Bears awakening after hibernation
March 13, 2014
Report Illegal Feeding of Bears—OGT Hotline
It is illegal to feed bears or other big game mammals. Anyone wishing to report illegal activity can call the Operation Game Thief Hotline at 1-800-992-3030. The OGT Hotline is a place where persons concerned about the illegal feeding of bears can provide information to NDOW game wardens anonymously.
Mid-March is the time for black bears to emerge from their dens and begin their annual search for food.
The first bears to emerge are usually males and females that do not have cubs. Females with cubs usually emerge from the den later in the spring, from mid-April to early May.
“The bears are ready to eat as they emerge from their long winter’s nap,” said biologist Carl Lackey. “They will eat emergent grasses and forbs and will also key in on the carrion of dead and decaying animals that died over the winter period.”
Bears in the Lake Tahoe Basin will also be looking toward human garbage as a source of food.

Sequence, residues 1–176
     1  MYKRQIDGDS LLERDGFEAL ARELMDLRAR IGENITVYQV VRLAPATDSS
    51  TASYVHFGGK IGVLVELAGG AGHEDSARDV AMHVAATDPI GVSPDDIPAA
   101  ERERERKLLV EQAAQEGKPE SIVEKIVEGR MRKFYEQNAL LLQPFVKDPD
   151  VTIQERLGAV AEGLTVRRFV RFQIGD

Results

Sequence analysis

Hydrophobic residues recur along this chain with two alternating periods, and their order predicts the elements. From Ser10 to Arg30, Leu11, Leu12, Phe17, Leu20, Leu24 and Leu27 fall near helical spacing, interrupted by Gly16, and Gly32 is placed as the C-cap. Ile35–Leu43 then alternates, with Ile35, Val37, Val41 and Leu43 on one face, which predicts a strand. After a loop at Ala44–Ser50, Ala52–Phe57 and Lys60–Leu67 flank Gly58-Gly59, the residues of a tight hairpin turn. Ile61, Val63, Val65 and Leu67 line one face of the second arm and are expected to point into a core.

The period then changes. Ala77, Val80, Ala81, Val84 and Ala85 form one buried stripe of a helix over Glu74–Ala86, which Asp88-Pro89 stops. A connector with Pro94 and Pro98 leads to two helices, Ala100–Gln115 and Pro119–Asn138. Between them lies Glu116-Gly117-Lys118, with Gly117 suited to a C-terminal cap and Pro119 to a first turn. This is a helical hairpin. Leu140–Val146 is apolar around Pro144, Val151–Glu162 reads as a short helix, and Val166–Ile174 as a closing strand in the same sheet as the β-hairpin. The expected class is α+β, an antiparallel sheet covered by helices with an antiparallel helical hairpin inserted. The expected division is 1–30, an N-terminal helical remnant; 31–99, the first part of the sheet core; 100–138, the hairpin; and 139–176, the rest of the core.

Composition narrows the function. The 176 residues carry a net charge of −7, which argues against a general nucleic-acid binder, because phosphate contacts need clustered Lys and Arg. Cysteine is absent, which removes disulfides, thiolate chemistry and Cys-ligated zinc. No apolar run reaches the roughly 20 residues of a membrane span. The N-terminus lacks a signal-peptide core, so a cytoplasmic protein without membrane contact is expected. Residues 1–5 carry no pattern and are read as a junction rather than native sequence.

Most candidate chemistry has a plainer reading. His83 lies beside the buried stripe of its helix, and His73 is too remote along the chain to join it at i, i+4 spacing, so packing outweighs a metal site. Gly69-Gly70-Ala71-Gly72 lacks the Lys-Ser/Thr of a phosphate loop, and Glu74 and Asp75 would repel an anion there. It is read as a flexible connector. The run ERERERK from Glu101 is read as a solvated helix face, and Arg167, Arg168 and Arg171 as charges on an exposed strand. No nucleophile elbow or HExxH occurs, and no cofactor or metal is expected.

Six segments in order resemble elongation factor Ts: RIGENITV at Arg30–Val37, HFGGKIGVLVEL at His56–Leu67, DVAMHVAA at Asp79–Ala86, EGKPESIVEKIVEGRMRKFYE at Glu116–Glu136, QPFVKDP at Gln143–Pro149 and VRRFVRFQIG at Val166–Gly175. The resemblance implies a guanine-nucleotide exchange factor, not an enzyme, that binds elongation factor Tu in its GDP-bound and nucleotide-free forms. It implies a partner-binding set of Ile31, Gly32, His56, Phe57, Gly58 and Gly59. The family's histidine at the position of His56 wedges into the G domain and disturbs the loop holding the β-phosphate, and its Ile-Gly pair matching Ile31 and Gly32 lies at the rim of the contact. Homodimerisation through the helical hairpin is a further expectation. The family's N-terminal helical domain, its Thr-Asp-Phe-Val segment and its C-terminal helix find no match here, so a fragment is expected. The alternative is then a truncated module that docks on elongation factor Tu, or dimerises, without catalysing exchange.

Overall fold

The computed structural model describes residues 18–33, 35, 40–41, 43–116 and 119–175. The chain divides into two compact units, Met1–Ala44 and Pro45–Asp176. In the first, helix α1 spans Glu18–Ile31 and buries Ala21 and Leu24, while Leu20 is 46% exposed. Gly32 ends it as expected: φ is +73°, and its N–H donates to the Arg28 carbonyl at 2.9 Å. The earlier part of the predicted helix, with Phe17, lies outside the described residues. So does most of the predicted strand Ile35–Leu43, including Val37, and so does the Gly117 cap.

“Every year, the first bears to get into trouble are the young males, many of whom are generational garbage bears,” Lackey said. “These bears are born to females who have taught them that humans are a source of food.”
The old warnings from past years are still valid. “If you live in bear country,” he said, “do not allow bears access to garbage.”
Lackey advised people to keep garage doors shut and car doors locked, and to keep all food sources away from bears.
Since March 1, NDOW has captured three bears, all young males. An injured bear at Heavenly Valley Ski Resort was captured and turned over to California authorities for care. On March 7, another injured bear was captured in Incline Village. The nature of the bear’s injuries were not obvious, but the bear had to be euthanized. A third male bear was caught on the west side of Carson City over the weekend while raiding garbage cans. It was tranquilized and later released in the mountains south of Carson City.